6 Unburned Pieces of The Mind
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Least a Half-Foot – Our First Snow Storm of This Winter

Since Thanksgiving, we’ve only had a few dustings of snow, but today I left work early as the snowstorm that had been promised actually arrived. With the road covered in snow, and little sand, the ride home was a second-third-gear affair. Anything faster than twenty-five, thirty miles an hour was certain to make the rear end of the car fishtail out of control. Four-wheel drive I’m sure is a convenience, but with my front wheel drive Chevy Cavalier, over confidence was one thing I didn’t have to worry about.

The luxury of leaving work early was that I didn’t have to be in a hurry. Knowing I had a twenty-mile best-be-careful drive, I took in the scenery as the swirling curtain of white enveloped the trees and fields in a blanket of heavy snow.

As I meandered down 235 heading toward Lincolnville, I passed by a Christmas tree lot. In the middle of the lot was a warming shack, its outline blurred by the falling snow. There wasn’t any smoke coming out of the stovepipe, but just to the side of the shack, an elderly man wearing an orange hat and a red/black parka, sat in a chair rubbing his hands over a wood fire. I imagined what customers he’d have today would be few.

It took almost an hour to make it home. No sooner than I did, though, I found myself digging out my snow pants and heavy wool socks. Fifteen minutes later and I was trudging a path through the snow. First stop was the post office to pick up my mail. Not finding much in my box except Christmas sales flyers, which I promptly tossed into the recycle bin, I headed to the co-op for a cup of coffee.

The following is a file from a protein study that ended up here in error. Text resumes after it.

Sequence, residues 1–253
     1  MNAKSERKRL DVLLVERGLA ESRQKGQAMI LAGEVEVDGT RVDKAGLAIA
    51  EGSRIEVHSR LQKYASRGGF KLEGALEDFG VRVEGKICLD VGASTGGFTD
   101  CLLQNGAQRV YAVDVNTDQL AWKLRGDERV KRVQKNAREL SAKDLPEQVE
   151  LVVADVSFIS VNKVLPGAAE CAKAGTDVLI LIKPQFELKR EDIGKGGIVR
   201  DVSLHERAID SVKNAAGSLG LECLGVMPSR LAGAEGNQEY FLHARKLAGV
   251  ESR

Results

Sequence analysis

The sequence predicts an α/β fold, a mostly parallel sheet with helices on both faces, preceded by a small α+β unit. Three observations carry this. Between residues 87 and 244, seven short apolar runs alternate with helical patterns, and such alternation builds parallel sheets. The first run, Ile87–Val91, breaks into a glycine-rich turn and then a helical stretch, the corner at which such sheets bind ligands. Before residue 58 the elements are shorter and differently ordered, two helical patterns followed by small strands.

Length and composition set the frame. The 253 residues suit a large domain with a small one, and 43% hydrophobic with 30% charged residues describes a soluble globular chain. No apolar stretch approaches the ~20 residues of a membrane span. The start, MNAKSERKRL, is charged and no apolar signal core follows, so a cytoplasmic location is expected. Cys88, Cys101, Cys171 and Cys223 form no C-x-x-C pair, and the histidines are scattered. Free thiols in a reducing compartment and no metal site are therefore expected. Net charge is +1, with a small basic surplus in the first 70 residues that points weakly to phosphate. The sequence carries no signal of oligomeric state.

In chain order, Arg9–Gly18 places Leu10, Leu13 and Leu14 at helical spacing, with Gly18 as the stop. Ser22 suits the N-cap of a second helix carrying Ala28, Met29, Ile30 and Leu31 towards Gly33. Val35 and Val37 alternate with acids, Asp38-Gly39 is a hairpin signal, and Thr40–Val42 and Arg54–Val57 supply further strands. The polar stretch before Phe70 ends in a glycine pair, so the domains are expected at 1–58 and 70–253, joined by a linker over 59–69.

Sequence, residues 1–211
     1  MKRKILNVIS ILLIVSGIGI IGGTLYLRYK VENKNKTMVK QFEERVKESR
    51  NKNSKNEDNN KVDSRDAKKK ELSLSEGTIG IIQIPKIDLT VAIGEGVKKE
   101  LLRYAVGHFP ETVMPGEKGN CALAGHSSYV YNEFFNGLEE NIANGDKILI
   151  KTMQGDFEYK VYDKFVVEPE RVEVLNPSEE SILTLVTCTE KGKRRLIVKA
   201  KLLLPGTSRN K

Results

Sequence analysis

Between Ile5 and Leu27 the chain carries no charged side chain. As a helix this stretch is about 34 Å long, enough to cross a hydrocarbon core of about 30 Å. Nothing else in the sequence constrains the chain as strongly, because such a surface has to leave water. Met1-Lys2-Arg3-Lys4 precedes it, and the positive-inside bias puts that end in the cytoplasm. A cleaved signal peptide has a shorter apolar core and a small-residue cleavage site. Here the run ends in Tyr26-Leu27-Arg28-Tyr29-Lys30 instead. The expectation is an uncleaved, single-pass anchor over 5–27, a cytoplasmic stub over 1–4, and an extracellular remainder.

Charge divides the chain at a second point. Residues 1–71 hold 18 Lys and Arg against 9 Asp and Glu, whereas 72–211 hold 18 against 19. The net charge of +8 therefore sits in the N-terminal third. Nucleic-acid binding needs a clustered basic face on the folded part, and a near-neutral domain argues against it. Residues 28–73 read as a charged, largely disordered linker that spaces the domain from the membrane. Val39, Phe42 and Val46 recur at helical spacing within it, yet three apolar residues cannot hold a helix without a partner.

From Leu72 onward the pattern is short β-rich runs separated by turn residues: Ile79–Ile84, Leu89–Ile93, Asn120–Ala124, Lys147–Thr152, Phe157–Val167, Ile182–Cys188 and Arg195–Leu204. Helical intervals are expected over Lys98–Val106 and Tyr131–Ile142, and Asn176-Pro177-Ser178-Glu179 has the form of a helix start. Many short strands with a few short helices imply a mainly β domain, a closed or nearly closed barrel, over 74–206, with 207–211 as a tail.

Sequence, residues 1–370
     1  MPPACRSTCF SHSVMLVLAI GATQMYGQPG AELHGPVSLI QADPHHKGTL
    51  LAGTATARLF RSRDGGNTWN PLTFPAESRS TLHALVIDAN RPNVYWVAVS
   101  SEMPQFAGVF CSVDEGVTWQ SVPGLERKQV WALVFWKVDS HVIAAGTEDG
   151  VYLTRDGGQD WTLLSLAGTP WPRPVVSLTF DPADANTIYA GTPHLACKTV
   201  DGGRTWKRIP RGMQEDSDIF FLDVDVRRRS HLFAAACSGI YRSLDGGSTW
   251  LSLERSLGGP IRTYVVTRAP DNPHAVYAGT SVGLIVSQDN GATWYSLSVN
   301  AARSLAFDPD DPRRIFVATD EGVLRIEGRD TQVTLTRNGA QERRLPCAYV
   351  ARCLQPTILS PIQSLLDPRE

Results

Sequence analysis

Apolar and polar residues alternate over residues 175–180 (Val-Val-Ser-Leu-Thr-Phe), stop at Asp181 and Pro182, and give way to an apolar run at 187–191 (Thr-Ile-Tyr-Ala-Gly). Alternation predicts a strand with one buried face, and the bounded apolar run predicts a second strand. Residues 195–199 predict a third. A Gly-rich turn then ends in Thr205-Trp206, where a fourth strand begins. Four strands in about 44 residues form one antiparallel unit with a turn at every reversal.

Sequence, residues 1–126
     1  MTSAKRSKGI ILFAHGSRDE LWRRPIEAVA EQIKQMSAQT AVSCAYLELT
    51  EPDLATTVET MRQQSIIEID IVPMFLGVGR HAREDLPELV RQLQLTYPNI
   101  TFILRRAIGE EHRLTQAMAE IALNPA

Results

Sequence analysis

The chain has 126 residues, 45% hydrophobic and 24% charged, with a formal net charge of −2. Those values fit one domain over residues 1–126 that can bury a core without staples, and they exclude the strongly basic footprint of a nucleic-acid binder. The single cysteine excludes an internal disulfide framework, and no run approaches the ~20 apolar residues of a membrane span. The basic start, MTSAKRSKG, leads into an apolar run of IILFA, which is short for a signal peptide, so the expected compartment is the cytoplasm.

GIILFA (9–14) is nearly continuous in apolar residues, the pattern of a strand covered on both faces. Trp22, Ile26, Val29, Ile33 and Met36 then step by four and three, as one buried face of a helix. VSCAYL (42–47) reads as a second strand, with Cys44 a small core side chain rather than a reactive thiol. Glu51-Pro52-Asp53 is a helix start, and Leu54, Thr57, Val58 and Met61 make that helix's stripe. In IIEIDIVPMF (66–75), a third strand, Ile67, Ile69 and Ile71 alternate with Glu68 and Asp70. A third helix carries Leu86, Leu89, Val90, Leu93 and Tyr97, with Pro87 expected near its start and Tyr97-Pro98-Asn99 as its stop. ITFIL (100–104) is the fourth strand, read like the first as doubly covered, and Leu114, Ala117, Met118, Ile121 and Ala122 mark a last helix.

The snow was covering Main Street faster than the city could plow. A Ford Taurus slowly made its way up the street, its tires spinning as the car slid from one side to the next, just barely missing a parked car. Behind the Taurus, a Dodge Ram with a plow looked like it was becoming increasingly impatient. At times, the Ram was so close to the rear of the Taurus that I thought for sure it was going to give it a good push up the rest of the hill.

I bought a cup of French roast and sat down at the table by the window, looking out at the falling snow. When I finished my cup, I got up and tossed it in the trash. “Looks like we might get a half foot before it tapers off,” said a grizzled man who looked like he was on break from a construction job.

I smiled at him. “Least a half-foot, I’d say.” I turned and headed out the door. As I walked along High Street, I marveled at how the Christmas lights glimmered against the falling snow. On top of the Colonial Theater, the giant carved wooden elephant wearing a Christmas wreath around its neck stood sentry against the swirling storm.

It felt good to be back in the warmth of my apartment. I sat down on the couch and started to pass the time by reading Bukowski's sifting through the madness for the word, the line, the way : New Poems:

the way to create art is to burn and destroy
ordinary concepts and to substitute them
with new truths that run down from the top of the head
and out from the heart.

Staring out the window, I became lost to the swirling flakes that carried me away deep in frozen thought.

It occurred to me that when winter finally looks like it’s suppose to, I really don’t have a problem with it. I thought back to the elderly man I saw earlier today as he warmed his hands over the wood fire, how comfortable he looked as he sat in his chair while he waited for someone to pull in to buy one of his trees to take home and decorate. The Old Farmer’s Almanac is predicting this winter will be long, cold, and snowy. For once, I think they might be more right than ever.

By S. L. Cunningham